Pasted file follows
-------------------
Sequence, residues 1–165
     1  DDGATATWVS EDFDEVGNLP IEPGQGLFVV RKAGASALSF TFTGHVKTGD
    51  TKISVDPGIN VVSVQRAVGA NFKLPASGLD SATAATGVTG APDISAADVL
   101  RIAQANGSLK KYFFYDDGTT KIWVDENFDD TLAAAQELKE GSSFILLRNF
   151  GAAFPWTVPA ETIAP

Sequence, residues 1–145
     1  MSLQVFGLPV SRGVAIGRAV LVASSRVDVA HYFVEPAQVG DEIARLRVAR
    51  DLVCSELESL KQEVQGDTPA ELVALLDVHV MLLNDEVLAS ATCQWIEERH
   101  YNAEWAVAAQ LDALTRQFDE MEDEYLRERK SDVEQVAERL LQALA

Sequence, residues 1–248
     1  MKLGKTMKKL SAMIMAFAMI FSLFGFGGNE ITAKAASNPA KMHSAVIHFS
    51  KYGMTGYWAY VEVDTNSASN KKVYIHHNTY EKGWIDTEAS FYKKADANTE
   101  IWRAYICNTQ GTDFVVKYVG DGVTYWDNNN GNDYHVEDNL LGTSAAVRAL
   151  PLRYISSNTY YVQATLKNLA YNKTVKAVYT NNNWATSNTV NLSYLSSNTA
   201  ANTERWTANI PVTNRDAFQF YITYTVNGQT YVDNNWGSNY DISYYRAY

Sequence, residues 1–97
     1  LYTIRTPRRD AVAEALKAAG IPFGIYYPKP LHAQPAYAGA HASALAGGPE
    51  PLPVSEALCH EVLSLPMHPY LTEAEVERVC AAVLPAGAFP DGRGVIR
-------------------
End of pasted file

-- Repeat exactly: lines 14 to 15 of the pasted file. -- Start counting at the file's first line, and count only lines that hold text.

   151  PLRYISSNTY YVQATLKNLA YNKTVKAVYT NNNWATSNTV NLSYLSSNTA
   201  ANTERWTANI PVTNRDAFQF YITYTVNGQT YVDNNWGSNY DISYYRAY